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Still Not a Target

Every year thousands of men and women leave the comforts of home and family to bring help and healing to those less fortunate, to those facing a crisis every day. We want to think that these brave workers are universally hailed for their tireless help and aid. Unfortunately, that’s not always the case. It is also true that these humanitarian workers suffer their setbacks and even face danger while offering assistance in the field.

Still Not a Target

While it is not commonplace, it sometimes happens that humanitarian workers must deal with violence against their facilities and even against their person. Fortunately, international law protects humanitarians. Humanitarians are there as neutral agents. They help to save lives and, as such, are not recognized as targets.  Nevertheless, every day they go to work in conflict zones where bullets fly, and explosions are a regular occurrence. These brave men and women are making a huge difference in areas where there has been war or natural disaster. Thanks to their efforts more people are saved, and fewer people die.

You also might want to read our article about Duty of Care.

Duty of Care

Humanitarian impact in conflict zones

Humanitarian aid can take a variety of forms. These workers might do anything from providing necessities like food and water to helping families and communities through education. They help provide medical aid in areas where vaccines are rare and in war-torn countries where violence is common, they provide trauma and wound care. They may even help with sexual violence care in areas where women are devalued. Every day these brave workers help save the lives of innocent people.

Besides the more traditional roles of humanitarian aid, like providing food, water, and medical care, there is also a need for trained troops and police to provide peacekeeping and civil protection in countries with a high level of violence. The UN Peacekeeping effort is one example. They currently have troops deployed in 14 operations around the world where they have over 110,000 peacekeepers. UN Peacekeepers work in challenging environments to help protect some of the world’s most vulnerable people.

Attacks on humanitarian workers

Despite the international regulation and agreements, there are still attacks on humanitarian workers. Even though these workers are present only to help and offer aid, the fact remains that they are in conflict zones where life is often unpredictable. Fortunately, with sufficient preparation and risk assessment, many casualties can be prevented.

In 2017, the Aid Worker Security Report recorded 313 humanitarian aid victims worldwide, which is a relatively low number when you consider the thousands who are working in the field. Still, these numbers represent a sad reality that even those who have come to give aid to those in need are not immune to the violence that characterizes these regions. Unfortunately, such attacks happen despite the international agreements to keep humanitarian workers safe.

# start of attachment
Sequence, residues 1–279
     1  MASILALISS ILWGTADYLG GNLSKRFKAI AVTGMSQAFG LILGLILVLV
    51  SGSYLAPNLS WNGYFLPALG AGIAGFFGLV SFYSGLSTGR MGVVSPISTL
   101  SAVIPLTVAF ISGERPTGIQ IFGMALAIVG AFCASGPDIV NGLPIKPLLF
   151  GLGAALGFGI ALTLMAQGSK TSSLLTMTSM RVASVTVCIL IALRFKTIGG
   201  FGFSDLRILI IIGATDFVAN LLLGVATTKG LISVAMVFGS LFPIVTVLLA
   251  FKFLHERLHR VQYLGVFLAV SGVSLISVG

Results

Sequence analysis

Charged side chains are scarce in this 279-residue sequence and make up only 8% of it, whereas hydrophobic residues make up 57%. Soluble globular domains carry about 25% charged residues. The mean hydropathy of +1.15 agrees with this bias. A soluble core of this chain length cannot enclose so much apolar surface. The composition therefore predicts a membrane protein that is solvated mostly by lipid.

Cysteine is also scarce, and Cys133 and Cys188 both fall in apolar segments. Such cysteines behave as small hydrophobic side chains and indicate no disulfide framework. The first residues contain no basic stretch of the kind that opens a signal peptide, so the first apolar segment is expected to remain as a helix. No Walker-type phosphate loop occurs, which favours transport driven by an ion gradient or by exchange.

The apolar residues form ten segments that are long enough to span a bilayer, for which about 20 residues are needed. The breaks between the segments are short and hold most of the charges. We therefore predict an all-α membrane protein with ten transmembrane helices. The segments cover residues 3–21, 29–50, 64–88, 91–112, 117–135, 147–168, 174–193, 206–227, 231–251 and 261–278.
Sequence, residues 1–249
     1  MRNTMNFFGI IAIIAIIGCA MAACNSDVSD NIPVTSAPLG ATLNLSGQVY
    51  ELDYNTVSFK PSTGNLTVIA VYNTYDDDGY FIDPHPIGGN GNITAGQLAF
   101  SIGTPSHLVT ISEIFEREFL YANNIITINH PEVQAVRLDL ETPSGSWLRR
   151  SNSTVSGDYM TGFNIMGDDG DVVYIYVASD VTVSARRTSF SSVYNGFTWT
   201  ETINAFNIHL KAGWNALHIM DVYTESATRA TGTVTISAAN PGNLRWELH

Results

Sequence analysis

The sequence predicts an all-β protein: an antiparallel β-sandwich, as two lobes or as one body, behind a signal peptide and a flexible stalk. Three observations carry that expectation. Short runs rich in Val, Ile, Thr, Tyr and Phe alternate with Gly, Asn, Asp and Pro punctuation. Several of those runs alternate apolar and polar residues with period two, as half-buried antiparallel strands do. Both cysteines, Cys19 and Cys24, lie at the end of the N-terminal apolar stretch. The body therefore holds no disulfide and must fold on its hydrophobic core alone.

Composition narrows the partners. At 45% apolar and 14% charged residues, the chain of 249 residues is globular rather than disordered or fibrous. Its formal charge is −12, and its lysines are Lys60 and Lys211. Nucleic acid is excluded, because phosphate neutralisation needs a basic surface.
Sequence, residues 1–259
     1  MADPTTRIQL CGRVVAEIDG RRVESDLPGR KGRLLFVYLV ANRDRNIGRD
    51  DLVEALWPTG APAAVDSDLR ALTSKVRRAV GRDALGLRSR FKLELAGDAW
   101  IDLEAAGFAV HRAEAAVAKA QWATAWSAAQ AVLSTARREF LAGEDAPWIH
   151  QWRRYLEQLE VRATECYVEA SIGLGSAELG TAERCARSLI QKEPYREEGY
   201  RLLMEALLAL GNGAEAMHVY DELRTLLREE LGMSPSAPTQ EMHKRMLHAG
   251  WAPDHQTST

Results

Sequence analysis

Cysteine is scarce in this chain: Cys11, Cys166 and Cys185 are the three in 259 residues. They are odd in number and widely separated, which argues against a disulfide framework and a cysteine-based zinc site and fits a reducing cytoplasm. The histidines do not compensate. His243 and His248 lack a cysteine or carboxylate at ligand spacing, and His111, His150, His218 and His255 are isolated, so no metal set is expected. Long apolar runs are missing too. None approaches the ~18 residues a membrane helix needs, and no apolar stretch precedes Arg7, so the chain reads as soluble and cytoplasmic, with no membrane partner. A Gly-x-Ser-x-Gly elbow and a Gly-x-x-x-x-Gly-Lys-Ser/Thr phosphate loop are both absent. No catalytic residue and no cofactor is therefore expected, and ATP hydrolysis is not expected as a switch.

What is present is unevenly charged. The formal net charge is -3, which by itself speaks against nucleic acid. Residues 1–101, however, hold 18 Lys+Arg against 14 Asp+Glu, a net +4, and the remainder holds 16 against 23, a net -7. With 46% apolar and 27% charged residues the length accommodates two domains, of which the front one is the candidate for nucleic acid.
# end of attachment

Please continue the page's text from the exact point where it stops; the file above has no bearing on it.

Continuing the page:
One way to help keep workers safe is to recognize that there are certain areas with more violence. The report noted that most acts of violence occurred in South Sudan, Syria, Afghanistan, and the Central African Republic. Workers who deploy to these areas should be doubly cautious.

Despite all efforts, there was still a significant rise in violence for 2017 over 2016. The Aid Worker Security Report cited a 30% rise. Since many of the worst conflict zones are not accessible to international humanitarian workers, the majority of the victims belonged to local NGOs.

These statistics serve to underscore the bravery and courage of those humanitarian workers who daily risk their lives in the most violent areas on the planet. Their goal is to help those they can, despite any threats they may receive. Without such committed individuals, the body count in these areas would undoubtedly be significantly higher.

Duty of Care Brochure CTA

#NotATarget Movement

Recently, social media got involved with the hashtag, #NotATarget. It serves as a reminder to workers and combatants alike that these humanitarian workers are entirely neutral in whatever conflict may be raging in their area. They are there to help. They are not there to take sides. Therefore, they should not be targeted not even when they are working in highly-charged conflict zones.

Individuals and news organizations started using the hashtag several years ago. Unicef, the International Red Cross, and Save the Children used it to highlight violations of the non-combatant international laws. Many individuals also use it, and anyone reading this article can help spread the word by using the hashtag #notatarget.

Please, note that Raptim stands alongside every humanitarian who travels to conflict areas and we work hard to protect our travellers through the duty of care.

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